Tuesday, January 01, 2013

Not-new books of the year

How often is it that the year's best reading moment is from a newly-published book? Authors and critics choose their favourite old books of the year, from The Master and Margarita to The Return of the Native

  • guardian.co.uk,
Books at Hay festival
Not new, but not half bad ... old books of the year

Nothing marks the Christmas season more clearly than the newspapers filling up with books of the year recommendations from authors and journalists. In publishing, these new books are called 'frontlist', and our publicity, sales and marketing teams go to herculean efforts throughout the year to get them noticed, so it's incredibly satisfying when books we've loved make the cut.
But what about the rest of the books we publish? Those books we call 'backlist'? (For people who work with words this is lame terminology isn't it? I'd love to hear better suggestions). These are the books that live spine-out on the bookshop shelf, forlornly trying to catch your eye while their new brothers and sisters bathe in the front-of-store limelight or sprawl belly-up on the tables. As a classics editor I'm obviously interested in giving older books a chance. So I've asked authors and journalists which not-new* books they've read this year and which they would press into our hands …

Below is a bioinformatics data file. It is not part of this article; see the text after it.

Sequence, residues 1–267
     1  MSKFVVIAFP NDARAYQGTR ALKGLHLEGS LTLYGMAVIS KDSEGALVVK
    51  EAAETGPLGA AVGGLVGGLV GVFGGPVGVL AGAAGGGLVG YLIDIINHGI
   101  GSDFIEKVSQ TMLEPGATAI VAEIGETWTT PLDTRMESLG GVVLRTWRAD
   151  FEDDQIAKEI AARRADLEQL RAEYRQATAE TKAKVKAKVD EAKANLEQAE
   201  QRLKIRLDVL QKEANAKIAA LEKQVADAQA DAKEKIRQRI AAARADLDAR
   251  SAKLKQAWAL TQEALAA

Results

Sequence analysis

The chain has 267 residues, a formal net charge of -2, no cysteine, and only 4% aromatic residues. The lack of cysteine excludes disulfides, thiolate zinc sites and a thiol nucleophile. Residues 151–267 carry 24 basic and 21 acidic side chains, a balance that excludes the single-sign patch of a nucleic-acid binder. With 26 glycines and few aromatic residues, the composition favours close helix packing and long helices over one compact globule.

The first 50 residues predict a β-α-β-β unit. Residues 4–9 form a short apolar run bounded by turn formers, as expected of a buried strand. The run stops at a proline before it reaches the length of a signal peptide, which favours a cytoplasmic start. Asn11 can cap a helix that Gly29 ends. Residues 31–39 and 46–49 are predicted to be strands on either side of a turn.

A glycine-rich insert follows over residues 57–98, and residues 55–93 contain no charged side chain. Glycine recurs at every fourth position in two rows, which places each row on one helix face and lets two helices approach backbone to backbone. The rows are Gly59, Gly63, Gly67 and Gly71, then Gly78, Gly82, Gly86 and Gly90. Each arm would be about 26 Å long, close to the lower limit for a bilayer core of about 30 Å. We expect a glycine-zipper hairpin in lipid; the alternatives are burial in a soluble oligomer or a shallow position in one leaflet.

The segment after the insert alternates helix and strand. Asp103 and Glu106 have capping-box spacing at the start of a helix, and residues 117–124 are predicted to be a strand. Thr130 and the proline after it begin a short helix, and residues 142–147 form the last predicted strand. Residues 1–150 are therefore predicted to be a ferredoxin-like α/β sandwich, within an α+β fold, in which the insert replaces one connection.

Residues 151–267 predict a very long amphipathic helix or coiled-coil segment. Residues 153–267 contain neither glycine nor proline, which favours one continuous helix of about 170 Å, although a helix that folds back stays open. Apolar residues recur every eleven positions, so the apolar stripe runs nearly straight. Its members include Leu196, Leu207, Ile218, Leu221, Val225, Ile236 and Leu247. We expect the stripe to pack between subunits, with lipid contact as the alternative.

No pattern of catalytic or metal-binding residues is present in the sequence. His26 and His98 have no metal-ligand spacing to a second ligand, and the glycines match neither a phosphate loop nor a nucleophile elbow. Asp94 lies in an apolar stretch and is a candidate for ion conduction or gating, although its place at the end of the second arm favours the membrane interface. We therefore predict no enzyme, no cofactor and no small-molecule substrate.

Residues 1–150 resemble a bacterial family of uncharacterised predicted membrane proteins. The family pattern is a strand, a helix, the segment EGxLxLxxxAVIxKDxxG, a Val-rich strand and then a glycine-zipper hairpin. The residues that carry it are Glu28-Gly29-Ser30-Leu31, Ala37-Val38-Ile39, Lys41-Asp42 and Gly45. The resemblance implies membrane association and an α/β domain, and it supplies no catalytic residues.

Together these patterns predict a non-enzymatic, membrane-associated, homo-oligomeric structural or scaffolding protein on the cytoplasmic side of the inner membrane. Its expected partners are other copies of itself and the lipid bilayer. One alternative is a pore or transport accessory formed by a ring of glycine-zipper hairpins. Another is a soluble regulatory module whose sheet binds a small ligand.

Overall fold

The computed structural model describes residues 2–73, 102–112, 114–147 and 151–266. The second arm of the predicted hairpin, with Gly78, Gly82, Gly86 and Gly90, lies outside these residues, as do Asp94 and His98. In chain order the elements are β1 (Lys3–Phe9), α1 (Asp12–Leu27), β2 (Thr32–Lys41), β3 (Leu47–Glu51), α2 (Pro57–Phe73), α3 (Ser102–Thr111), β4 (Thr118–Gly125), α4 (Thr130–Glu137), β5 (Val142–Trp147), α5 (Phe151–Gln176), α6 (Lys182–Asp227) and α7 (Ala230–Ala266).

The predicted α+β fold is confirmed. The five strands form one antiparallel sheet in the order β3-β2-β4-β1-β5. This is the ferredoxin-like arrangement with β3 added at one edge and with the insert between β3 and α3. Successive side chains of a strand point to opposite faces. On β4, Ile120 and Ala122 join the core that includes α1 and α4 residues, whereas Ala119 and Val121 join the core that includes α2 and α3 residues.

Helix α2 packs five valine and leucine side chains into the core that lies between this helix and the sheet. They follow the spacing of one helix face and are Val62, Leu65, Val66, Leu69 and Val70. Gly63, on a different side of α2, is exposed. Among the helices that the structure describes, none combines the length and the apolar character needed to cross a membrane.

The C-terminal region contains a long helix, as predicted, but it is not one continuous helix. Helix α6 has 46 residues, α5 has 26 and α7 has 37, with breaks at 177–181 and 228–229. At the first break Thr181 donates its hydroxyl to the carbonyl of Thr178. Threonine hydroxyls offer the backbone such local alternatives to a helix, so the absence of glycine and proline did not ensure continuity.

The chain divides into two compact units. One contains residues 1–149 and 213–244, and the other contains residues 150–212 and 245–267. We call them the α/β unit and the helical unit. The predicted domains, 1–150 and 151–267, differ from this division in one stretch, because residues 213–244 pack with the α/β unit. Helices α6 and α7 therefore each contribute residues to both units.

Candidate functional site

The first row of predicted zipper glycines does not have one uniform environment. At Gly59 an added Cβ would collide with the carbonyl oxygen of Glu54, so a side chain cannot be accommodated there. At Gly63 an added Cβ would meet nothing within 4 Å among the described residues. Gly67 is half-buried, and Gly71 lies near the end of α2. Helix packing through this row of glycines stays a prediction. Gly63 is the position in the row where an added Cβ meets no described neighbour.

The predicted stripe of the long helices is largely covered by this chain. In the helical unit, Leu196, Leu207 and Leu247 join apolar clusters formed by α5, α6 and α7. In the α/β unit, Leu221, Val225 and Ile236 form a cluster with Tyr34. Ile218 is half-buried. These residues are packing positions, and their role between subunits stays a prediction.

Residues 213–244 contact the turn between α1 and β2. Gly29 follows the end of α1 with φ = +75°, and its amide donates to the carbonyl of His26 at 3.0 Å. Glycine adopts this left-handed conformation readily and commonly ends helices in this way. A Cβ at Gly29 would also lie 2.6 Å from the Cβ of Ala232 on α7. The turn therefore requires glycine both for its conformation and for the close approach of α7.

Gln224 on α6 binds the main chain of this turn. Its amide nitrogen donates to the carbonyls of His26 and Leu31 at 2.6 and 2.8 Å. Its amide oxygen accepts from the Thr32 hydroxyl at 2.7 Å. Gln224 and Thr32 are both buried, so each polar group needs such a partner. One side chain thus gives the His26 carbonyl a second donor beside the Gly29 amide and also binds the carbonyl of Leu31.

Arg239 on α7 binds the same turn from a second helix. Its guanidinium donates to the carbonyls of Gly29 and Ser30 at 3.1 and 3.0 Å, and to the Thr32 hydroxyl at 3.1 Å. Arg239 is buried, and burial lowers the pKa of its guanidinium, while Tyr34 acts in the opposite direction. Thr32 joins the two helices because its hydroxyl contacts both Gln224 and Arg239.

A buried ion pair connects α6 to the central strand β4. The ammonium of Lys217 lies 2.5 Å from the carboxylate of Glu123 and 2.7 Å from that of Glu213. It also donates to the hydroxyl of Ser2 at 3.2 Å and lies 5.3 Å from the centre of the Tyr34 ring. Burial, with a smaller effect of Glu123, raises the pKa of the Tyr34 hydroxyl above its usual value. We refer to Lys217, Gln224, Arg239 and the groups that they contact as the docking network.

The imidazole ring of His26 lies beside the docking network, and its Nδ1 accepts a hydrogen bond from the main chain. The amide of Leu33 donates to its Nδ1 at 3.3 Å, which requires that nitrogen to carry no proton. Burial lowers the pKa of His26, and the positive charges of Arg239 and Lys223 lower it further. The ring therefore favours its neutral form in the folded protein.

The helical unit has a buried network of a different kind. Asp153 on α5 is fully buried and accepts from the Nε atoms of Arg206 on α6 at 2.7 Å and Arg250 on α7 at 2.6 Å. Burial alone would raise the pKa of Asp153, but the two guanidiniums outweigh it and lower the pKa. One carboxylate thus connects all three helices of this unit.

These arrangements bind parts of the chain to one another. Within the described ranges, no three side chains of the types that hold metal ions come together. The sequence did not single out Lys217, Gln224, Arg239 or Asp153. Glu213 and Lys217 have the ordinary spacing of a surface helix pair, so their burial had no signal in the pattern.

*Criteria - it had to have been published over a couple of years ago and it didn't have to be a Vintage book

Irvine Welsh, novelist
Iceberg Slim's Pimp: The Story of My Life (Canongate) was the book that determined the ghetto persona, which has massively influenced popular culture through music and film. In terms of that influence he's probably the most dominant writer since Shakespeare.

Mohammed Hanif, novelist and journalist
This Ramadan, I read 10 Graham Greene books and realised that half the world's problems could be solved if every army officer and every journalist in the world were made to read The Quiet American. The rest can be explained if everyone reads England Made Me (Vintage Classics)

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